The purpose of this thesis is to provide a critical analysis of research findings about hydrotherapy as a means of reducing chronic pain used independently of opioids. Chronic pain is often treated with analgesics of varying potency, some with serious adverse side effects if used over a long period of time. Exploring the effectiveness of therapies other than medication to treat chronic pain is important to decrease or eliminate the amount to pain medication taken for chronic pain. Hydrotherapy is one therapy that may improve the pain experience for those with chronic pain. A literature search was conducted using the key terms chronic pain and hydrotherapy with the Cumulative Index of Nursing and Allied Health Literature database. This search yielded 5 studies that met the inclusion criteria, which were: research from 2015 or newer, studied adults over the age of 18, used hydrotherapy to reduce chronic pain who were not also using opioids, peer-reviewed, and written in the English language. The 5 studies found specifically addressed the conditions of osteoarthritis of the knee, fibromyalgia, and chronic low-back pain. All studies indicated hydrotherapy reduced chronic pain in adults. Findings of this analysis of the literature supports the recommendation to use hydrotherapy to improve chronic pain. Further research in other conditions known to cause chronic pain is needed.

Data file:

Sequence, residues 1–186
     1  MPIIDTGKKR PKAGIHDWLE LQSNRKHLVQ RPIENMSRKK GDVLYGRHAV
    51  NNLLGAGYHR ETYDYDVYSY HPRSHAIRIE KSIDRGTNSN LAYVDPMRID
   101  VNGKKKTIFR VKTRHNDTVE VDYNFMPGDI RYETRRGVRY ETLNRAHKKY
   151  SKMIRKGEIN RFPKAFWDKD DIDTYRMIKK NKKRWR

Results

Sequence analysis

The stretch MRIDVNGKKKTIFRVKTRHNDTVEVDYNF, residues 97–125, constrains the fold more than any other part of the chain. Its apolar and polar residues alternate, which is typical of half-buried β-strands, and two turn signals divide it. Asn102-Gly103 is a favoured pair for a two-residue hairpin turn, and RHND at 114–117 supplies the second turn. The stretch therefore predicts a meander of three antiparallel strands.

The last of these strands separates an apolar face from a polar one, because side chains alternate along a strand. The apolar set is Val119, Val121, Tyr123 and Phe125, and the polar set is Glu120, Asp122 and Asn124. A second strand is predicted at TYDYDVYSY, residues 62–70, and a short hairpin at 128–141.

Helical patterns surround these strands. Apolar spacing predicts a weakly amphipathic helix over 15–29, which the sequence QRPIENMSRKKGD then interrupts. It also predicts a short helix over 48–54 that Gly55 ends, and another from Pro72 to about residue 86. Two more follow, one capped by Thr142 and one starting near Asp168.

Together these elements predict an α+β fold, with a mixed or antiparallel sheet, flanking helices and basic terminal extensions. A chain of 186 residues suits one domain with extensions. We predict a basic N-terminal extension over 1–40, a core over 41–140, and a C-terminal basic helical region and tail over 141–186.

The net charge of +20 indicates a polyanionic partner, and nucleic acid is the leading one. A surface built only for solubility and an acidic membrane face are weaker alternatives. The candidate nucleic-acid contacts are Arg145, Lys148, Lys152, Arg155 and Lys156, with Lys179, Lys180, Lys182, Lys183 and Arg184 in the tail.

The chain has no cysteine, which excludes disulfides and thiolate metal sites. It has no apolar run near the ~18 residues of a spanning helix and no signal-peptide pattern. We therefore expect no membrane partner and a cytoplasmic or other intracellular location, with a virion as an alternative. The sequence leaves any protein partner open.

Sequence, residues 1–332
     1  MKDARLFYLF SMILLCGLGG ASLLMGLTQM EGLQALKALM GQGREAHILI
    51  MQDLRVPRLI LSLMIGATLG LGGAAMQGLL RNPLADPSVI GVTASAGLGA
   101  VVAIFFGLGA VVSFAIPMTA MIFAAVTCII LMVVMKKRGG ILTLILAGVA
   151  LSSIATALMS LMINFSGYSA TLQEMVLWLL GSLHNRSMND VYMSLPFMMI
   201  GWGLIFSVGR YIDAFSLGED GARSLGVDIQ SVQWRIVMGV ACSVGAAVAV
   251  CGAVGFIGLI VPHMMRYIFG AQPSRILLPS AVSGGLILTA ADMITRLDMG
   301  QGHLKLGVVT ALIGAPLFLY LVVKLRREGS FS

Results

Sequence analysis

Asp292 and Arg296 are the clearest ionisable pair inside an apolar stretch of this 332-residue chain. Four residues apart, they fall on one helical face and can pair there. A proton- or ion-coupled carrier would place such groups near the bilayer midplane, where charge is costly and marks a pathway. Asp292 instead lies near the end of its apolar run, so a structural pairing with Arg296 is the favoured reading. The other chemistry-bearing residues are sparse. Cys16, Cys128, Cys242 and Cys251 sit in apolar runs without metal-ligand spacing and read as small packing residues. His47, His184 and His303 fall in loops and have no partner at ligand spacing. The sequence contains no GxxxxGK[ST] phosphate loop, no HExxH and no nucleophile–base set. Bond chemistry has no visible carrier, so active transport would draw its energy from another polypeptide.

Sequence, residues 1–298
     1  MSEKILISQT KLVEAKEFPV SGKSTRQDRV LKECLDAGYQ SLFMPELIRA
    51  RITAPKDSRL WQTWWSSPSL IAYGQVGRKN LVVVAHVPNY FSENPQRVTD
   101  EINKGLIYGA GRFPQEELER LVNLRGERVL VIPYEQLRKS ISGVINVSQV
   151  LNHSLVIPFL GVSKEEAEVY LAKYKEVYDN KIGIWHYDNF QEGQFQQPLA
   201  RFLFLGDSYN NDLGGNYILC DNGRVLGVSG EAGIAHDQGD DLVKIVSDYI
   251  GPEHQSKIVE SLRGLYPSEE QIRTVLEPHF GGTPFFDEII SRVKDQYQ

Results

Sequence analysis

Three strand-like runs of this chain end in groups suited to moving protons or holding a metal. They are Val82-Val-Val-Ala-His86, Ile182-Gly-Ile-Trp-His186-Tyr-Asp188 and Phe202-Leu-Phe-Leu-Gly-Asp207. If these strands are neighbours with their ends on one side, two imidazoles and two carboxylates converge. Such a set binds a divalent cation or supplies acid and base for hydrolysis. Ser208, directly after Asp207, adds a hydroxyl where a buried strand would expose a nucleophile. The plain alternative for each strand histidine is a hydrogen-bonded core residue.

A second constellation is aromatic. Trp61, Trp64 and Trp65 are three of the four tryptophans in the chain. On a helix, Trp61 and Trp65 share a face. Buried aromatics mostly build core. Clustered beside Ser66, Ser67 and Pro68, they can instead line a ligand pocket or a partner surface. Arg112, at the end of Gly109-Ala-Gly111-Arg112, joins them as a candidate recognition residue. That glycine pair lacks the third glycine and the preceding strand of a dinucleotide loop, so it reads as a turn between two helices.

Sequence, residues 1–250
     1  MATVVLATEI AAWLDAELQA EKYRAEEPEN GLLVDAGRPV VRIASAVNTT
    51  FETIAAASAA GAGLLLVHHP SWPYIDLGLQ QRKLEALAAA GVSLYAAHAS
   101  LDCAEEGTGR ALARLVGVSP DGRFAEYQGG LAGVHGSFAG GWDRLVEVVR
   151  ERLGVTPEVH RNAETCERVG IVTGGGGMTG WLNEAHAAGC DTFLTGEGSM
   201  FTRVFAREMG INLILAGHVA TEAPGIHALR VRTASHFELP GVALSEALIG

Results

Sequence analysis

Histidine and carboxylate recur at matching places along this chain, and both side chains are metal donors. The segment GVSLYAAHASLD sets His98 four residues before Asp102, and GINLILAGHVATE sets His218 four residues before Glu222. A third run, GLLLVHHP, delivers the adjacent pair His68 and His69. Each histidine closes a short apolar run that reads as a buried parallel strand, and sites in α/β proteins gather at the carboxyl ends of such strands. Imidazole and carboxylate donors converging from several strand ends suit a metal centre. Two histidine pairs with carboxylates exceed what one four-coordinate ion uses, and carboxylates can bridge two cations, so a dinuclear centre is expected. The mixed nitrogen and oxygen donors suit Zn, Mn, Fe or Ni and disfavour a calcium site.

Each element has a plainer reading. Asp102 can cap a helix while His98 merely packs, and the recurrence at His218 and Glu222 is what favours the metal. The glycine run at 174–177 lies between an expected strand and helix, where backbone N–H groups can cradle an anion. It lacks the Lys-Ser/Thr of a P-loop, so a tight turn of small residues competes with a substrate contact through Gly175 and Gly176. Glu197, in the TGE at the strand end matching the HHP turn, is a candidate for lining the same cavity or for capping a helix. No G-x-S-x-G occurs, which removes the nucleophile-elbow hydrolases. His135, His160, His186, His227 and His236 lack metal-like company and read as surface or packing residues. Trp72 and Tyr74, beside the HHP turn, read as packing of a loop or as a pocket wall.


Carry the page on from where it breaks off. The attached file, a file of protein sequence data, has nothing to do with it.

Bachelor of Science in Nursing (B.S.N.)
College of Nursing
Medal, Emily S., "The Use of Hydrotherapy for Chronic Pain" (2019). Honors Undergraduate Theses. 588.
Restricted to the UCF community until 8-1-2019; it will then be open access.